OPAL NO – This won’t go!

On the 11th September 2007, the lives of the residents of the small village of Gross Köris, in the German state of Brandenburg were suddenly and radically changed forever. Unbeknown to most citizens of the village and neighboring communities, powerful political and economic powers had decided that the precarious economic future of this community could be sacrificed in the name of federal energy policy and national security.

The strategy was deliberate. It began quietly. Unbeknown to most unsuspecting residents, a monstrous 2500 page, turgidly written and for the layman virtually opaque, technical development proposal was displayed at the local council offices in Teupitz. Procedure was observed. Objections could be lodged.

It was intended to quietly pass unnoticed by local citizens, who at this time could not even begin to realise the ramifications of this seemingly dry and impenetrable act of bureaucracy. But they were huge!

An astounding, thirty six billion tons of natural Russian gas would be sent along a huge pipeline to be built right through the village through private and public property. Just to the north, in the middle of the surrounding lakes and forests, a massive industrial complex the size of eight football fields, was planned to compress the gas and sent it south to the Czech border. The reason for the destination is still unidentified.

Once in action, this plant would issue unthinkable amounts of carbon dioxide into the atmosphere. It would produce continuous and environmentally hostile, uninterrupted noise, in all directions, 24 hours a day 7 days a week. Perhaps most insidious of all, as a foot in the door, it would open the way for further related industrial development in the region.

This is a region that was trying to rebuild its image as a national recreational and natural park environment. Gross Köris was now under siege. The aggressor had a name,WINGAS.

Never mind that the village was already surrounded by other gas and oil pipelines and that WINGAS and would slice yet another 30 meters wide, deforested scar into the landscape taking with it private businesses, homes, weekenders, gardens, century year old trees and property value.

Never mind the already six-lane adjacent motorway, from Berlin to Dresden, only recently made partly tolerable through expensive noise reduction walls painstakingly won in long debates with federal government. Never mind the existing railway and the heavy goods trains that still roll through this area and never mind, in the not too distant future, the flight paths of the New Berlin Brandenburg International airport.

Never mind the increasing tourism; the bikers, anglers, swimmers, skaters, and horse riders. Never mind the communities of artists and professionals moving into the region to develop their work and bring up their children. Never mind the locals that have seen their region depleted and neglected and the unemployment rise to unacceptable levels.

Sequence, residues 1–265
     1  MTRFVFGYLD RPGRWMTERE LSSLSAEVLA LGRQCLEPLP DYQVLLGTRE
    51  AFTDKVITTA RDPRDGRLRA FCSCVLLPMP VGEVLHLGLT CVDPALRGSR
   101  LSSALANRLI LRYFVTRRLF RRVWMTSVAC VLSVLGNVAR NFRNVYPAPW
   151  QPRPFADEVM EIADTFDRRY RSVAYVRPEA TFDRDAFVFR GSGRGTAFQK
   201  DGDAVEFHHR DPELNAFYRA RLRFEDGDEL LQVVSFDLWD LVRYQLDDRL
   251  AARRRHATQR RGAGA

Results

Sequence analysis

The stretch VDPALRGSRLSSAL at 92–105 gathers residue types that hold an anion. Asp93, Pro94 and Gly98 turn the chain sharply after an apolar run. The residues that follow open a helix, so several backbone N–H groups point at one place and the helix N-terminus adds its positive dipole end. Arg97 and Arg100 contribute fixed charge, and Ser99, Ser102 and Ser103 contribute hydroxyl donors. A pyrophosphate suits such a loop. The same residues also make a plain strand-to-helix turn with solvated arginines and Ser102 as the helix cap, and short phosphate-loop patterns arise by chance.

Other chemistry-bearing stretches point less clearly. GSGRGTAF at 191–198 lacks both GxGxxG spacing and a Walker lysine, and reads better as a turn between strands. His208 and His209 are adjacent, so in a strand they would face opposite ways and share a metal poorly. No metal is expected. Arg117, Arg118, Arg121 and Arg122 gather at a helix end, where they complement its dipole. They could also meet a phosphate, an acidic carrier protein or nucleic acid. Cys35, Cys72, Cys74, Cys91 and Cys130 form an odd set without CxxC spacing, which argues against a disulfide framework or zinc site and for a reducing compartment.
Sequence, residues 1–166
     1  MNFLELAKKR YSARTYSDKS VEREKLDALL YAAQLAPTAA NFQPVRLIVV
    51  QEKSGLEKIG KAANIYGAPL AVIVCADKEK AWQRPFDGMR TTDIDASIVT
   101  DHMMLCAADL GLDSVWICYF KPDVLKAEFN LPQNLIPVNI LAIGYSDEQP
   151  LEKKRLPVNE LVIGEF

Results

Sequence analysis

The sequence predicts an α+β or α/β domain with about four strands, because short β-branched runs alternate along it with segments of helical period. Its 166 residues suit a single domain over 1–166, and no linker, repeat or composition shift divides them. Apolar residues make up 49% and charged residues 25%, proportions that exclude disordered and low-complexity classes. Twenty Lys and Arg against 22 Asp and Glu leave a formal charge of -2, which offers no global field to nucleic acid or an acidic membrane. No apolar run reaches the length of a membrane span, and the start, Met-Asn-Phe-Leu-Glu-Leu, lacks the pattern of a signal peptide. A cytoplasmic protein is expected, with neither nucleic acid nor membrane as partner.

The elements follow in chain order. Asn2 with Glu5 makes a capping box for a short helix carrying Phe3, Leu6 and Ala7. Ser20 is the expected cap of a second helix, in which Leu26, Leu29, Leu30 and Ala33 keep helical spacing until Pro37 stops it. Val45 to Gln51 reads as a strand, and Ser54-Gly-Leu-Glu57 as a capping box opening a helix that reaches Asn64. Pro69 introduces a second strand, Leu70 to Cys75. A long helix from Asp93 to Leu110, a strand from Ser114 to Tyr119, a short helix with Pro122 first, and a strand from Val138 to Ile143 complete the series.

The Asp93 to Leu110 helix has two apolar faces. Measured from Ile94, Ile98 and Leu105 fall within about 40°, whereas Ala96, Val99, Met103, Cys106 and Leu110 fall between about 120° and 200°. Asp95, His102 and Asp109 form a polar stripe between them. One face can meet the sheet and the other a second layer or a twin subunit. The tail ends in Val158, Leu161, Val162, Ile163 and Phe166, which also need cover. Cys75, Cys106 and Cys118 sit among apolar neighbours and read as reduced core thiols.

And never mind the rare plant and animal species, the deer, badgers hares, squirrels or the cranes who mate 700 meters from the planned development site amidst rare orchids but 200 meters from the new asphalt road that would bring 200 trucks a day for the next 2 years, at least.

Germany is in need of need safe and secure forms of energy to ensure its political and economic stability in the 21 century. Gross Köris would just have to accept its fate.
Yet WINGAS and the powers that be failed to take into account that Germany is a functioning democracy. The constitution provides checks and balances that protect citizens’ rights. But could a sleepy struggling ex DDR holiday community possibly find the almost superhuman time, energy and resources necessary to take full advantage of their legal rights? Surely the procedure would be a mere formality.

They were wrong!

Life has changed forever in Gross Köris because Gross Köris through its citizens have said no to WINGAS, no to a project that is ill considered and unnecessary. In the last months dedicated individuals in the community have risen to the challenge, found that energy despite the cost to their daily lives, to protest and to use their democratic rights.

They have joined together to turn the tide and save the region from this certain catastrophe. Local councils have voted against the project, powerful citizens groups have been formed against the pipeline and the gas compression lobby. Politicians have been lobbied and mobilized. News sheets have been set up, web sites developed, information evenings, fund raising projects, contact networks established.

The first successes have been achieved. WINGAS has been sent home to do its homework. Owing to insufficient and inaccurate information in the original proposal, the official regional planning procedure has been stopped.

Strategies are being developed for the next phases of the legal struggle. Leading lawyers have been consulted, the press has been mobilized, international contacts made. A new tourist and recreation development concept is being developed. David has met Goliath.

Optimism has become a real option.

But the battle is far from won. If Gross Köris is to pull this off, it needs the support of all its citizens and their friends and the community at large. This is not a matter of national security. It is a matter of national common sense. Nobody is questioning that gas is important for Germany. WINGAS has other options, Gross Köris doesn’t.

Wednesday, May 21, 2008